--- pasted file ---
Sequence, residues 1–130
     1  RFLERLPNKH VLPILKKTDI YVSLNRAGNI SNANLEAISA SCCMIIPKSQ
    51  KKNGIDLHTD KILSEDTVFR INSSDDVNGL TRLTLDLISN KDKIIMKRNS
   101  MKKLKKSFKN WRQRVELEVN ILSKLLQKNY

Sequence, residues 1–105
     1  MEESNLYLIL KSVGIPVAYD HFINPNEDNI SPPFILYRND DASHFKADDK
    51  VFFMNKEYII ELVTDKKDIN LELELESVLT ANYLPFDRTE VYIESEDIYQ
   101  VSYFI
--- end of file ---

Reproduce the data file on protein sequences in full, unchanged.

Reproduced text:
Sequence, residues 1–130
     1  RFLERLPNKH VLPILKKTDI YVSLNRAGNI SNANLEAISA SCCMIIPKSQ
    51  KKNGIDLHTD KILSEDTVFR INSSDDVNGL TRLTLDLISN KDKIIMKRNS
   101  MKKLKKSFKN WRQRVELEVN ILSKLLQKNY

Sequence, residues 1–105
     1  MEESNLYLIL KSVGIPVAYD HFINPNEDNI SPPFILYRND DASHFKADDK
    51  VFFMNKEYII ELVTDKKDIN LELELESVLT ANYLPFDRTE VYIESEDIYQ
   101  VSYFI